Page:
To address this question, I’ll consider another cool Walsh finding: slow fastballs are more likely to receive a called strike call from an umpire than hard fastballs. This argument makes sense, especially considering that velocity appears to be pretty important for sinking fastballs and rising fastballs thrown down the middle of the plate.
Stephen Strasburg may be the best living example of this effect. As soon as he debuted with the Nationals, we saw umpires struggle to catch up to the combination of his fastball’s movement and velocity. He saw a lot of impressive running fastballs called as balls near the edges of the plate, and some argued that he’s been punished unfairly as a result.
The sinking fastball chart explains Strasburg’s fastball pretty well. The chart suggests that his fastball would work best if it were thrown down the middle of the plate, and that he shouldn’t try to be fine with it.
Let’s evaluate the data we have on called strikes, velocity, spin deflection, and location. Believe it or not, you can fit all this information in one chart. Here, we’re looking at the ratio of called strikes to balls for each velocity group. To keep things as simple as possible, I only looked at the outside third of the plate.
It is pretty clear that slower fastballs are called for strikes more often than fastballs thrown 93-plus mph. This trend is just as true for straight/rising fastballs as it is for sinking fastballs. Umpires miss sinking/tailing fastballs more often than straight/rising fastballs, but it appears that velocity doesn’t amplify this effect. That’s good news for someone like Strasburg.
Wait a second–it didn’t look like rising fastballs became less effective on the outside edge with additional velocity, yet we see that they’re penalized in the form of fewer called strikes. If we think the “faulty umpire” effect can explain the decline in effectiveness for sinking fastballs on the outside edge, we should see it affecting results for rising fastballs, too.
For now, I won’t go looking for other explanations for why slower sinking fastballs are better pitches when thrown to the outer third of the plate than harder ones. It could be that we’re looking at a noisy relationship, or that the difference in runs prevented isn’t large enough to care about, but who knows? Maybe harder sinkers are easier to hit to the opposite field, or that hitters swing at slower sinkers more often than they do at harder ones. I’d love to hear a player’s perspective on different approaches to this type of pitch.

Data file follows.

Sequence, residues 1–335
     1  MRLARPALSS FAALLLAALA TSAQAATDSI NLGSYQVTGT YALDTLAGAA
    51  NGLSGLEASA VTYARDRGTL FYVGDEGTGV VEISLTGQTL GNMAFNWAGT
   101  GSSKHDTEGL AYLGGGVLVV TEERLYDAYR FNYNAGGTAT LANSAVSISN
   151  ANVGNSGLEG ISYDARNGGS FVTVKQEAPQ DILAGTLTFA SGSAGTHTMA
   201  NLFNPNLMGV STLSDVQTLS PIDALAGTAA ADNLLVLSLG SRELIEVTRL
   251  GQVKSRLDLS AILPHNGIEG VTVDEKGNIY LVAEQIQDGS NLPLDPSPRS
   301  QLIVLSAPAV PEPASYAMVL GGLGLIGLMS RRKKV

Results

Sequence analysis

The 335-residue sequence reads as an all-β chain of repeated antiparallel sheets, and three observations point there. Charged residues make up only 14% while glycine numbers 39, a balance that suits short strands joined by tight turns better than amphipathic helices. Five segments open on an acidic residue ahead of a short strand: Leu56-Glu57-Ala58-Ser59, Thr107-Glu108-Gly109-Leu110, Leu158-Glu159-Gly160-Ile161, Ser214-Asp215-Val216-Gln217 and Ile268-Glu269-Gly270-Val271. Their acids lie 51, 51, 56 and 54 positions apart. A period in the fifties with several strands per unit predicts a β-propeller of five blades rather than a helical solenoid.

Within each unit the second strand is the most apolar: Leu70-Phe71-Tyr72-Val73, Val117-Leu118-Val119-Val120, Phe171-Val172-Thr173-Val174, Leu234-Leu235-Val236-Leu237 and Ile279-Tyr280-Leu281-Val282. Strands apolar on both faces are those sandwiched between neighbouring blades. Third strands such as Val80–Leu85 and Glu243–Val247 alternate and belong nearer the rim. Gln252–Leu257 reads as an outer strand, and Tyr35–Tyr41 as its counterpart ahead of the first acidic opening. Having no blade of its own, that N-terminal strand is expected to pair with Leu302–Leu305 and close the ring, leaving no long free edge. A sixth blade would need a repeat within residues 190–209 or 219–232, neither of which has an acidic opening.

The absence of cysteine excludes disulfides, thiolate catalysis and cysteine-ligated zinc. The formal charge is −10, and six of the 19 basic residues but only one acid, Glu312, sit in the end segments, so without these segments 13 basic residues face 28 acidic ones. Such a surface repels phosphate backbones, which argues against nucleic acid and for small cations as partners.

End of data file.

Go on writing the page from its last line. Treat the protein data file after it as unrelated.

Wrapping It Up
There are so many factors that go unaccounted for here, but this study brings one more feature to the table. We came away with a few noteworthy bits:
1) Slow, moving fastballs are probably undervalued pitches.
Who knows how many 19-year-old Buehrles there are out there, but I want as many as I can get in my farm system. Slower throwers also may come with the added benefit of being less injury-prone than those who throw 95-plus mph. That’s just one more reason to go looking for soft tossers with a knack for finding the outside corner.
2) If your rising fastball is a hard one (93-plus mph), throw it up in the zone. If it isn’t, stay away from the inner half of the plate.
This point seems obvious, but it’s nice to have the numbers to back it up. Some pitchers are able to get by with a relatively slow, rising fastball. Koji Uehara is a great example. Those who do survive usually either: a) have deceptive deliveries, or b) throw this pitch to the edges (while mixing in a few up in the zone).
3) A straight, slow fastball is more likely to receive a strike call from an umpire than a laterally moving, hard fastball
This one probably seems pretty obvious, too, but consider the magnitude of the effect. On the outside third of the plate, 85-90 mph rising fastballs are called for strikes almost twice as often as 93-plus mph moving fastballs.
4) For fastballs thrown to the “perfect spot,” speed may not pay
Should we tell major league pitchers to stop throwing so hard? Well, no. Pitchers who throw harder have a larger margin for error with the location of their fastballs, and this caveat really only applies to a section of the strike zone that is no bigger than a catcher’s glove. What’s more, a soft-tosser doesn’t have too many viable options when it comes to aiming his fastball.
The only application I can think of for this last point (if it does wind up being true) is that a hard-throwing pitcher may find it beneficial to ease up a bit on his fastball in a situation when he knows he can go low and away to a right-handed hitter.
Baseball can be a pretty rewarding game. Even if you throw the slowest, worst-looking fastball in the game, with near-perfect execution you can hang with the best of ‘em.